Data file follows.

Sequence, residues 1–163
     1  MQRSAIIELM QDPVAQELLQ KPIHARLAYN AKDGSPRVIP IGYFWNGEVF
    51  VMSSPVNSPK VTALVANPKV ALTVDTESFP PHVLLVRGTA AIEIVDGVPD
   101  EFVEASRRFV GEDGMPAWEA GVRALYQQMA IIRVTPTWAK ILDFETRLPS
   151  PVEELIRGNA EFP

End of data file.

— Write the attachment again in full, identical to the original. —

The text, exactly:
Sequence, residues 1–163
     1  MQRSAIIELM QDPVAQELLQ KPIHARLAYN AKDGSPRVIP IGYFWNGEVF
    51  VMSSPVNSPK VTALVANPKV ALTVDTESFP PHVLLVRGTA AIEIVDGVPD
   101  EFVEASRRFV GEDGMPAWEA GVRALYQQMA IIRVTPTWAK ILDFETRLPS
   151  PVEELIRGNA EFP